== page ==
CHINA China boosts liquidity to offset cash demand for tax payments

CHINA

China boosts liquidity to offset cash demand for tax payments

Xinhua

15:26, January 15, 2019

China's central bank injected liquidity into the money market through reverse repos Tuesday to offset the impact of a tax payment peak this month.

The People’s Bank of China boosts liquidity Tuesday to offset the impact of a tax payment peak this month.[File Photo: VCG]

The People’s Bank of China boosts liquidity Tuesday to offset the impact of a tax payment peak this month. (File Photo: VCG)

The People's Bank of China (PBOC) conducted 80 billion yuan (11.84 billion U.S. dollars) of seven-day reverse repos at an interest rate of 2.55 percent and 100 billion yuan of 28-day reverse repos at 2.85 percent.

No reverse repos will mature Tuesday, meaning the net market injection was 180 billion yuan.

The PBOC said in a statement that Monday's operation was aimed at maintaining reasonable and sufficient liquidity in the banking system.

With the peak of tax payments kicking in this month, the PBOC expects liquidity in the banking system to slide fast in the coming days.

Reverse repos enable the central bank to purchase securities from commercial banks through bidding with an agreement to sell them back in the future.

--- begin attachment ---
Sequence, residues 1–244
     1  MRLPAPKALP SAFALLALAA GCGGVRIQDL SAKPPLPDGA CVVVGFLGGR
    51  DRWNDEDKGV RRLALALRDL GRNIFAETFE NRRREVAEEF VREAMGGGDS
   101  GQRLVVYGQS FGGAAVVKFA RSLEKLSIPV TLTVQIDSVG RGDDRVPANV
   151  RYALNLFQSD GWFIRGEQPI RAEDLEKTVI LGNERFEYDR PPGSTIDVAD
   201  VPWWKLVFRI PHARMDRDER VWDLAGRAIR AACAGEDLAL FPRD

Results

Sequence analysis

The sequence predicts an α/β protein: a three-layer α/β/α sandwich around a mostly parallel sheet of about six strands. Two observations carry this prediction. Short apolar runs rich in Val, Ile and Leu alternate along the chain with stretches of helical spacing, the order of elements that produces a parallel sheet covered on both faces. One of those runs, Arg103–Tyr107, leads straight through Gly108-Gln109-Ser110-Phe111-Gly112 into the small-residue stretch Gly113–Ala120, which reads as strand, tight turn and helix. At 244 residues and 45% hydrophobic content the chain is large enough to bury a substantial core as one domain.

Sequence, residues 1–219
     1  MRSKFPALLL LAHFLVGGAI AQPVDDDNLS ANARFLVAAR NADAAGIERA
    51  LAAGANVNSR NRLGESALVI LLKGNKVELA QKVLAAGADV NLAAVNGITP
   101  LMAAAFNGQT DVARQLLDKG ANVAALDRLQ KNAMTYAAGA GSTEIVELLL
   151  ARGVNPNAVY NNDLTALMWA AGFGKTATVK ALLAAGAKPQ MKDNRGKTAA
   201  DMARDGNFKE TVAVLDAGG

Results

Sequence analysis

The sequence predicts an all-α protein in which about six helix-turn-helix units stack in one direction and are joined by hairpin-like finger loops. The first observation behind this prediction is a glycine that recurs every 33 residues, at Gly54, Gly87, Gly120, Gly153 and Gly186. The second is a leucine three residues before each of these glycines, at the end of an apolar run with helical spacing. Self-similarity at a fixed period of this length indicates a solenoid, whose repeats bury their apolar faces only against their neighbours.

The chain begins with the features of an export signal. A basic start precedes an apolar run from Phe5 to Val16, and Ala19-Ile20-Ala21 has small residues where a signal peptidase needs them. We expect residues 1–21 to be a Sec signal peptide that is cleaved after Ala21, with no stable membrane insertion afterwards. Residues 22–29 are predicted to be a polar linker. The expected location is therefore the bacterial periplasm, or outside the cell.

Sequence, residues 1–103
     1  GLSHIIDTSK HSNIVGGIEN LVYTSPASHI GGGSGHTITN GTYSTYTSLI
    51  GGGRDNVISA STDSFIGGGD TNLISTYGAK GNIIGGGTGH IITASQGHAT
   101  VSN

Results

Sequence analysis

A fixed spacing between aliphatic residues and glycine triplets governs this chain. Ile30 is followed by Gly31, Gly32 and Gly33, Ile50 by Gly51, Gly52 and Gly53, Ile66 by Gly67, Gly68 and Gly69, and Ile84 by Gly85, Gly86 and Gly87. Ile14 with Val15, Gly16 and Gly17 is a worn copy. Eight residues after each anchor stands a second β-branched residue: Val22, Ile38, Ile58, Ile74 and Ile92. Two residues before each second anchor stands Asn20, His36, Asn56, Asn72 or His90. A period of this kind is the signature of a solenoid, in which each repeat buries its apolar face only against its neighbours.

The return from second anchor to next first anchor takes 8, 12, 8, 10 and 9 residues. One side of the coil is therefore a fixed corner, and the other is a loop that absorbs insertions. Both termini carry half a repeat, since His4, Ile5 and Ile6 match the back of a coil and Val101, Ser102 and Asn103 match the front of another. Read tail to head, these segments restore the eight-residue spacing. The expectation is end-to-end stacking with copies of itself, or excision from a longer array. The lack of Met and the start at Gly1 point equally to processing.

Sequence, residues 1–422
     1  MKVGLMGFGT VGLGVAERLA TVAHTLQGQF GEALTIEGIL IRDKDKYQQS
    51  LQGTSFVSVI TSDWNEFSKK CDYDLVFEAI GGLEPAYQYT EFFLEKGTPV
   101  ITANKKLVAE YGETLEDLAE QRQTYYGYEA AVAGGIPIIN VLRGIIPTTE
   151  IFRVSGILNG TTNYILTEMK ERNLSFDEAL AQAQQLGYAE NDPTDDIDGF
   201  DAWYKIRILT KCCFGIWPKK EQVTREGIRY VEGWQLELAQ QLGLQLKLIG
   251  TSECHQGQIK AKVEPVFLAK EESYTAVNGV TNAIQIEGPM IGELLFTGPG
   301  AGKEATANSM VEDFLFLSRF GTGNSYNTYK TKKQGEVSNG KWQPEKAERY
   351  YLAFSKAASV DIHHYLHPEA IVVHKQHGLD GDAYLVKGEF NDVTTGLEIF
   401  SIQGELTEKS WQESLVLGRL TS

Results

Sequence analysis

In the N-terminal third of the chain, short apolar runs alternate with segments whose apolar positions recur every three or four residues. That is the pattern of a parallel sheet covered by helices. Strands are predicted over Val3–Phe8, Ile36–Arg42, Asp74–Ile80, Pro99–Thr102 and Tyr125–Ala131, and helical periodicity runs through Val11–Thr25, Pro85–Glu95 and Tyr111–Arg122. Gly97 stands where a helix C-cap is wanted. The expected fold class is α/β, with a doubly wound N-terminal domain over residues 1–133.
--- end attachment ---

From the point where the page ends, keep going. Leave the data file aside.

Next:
According to an announcement earlier this month, the PBOC will cut the reserve requirement ratio (RRR) for RMB deposits by 0.5 percentage points Tuesday before reducing it by another 0.5 percentage points on Jan. 25.

Additionally, the medium-term lending facility (MLF) set to mature in the first quarter of 2019 will not be continued, which will unleash about 800 billion yuan of capital into the market.

Given that the 0.5-percentage point RRR cut Tuesday will unleash about 750 billion yuan, while a 390 billion yuan batch of MLF will mature, the net liquidity injected into the banking system will stand at 360 billion yuan, Wang Qing, chief analyst with Golden Credit Rating International, told Securities Daily.

The central bank has been using the MLF to channel funds more directly to sectors of the economy that need it most.

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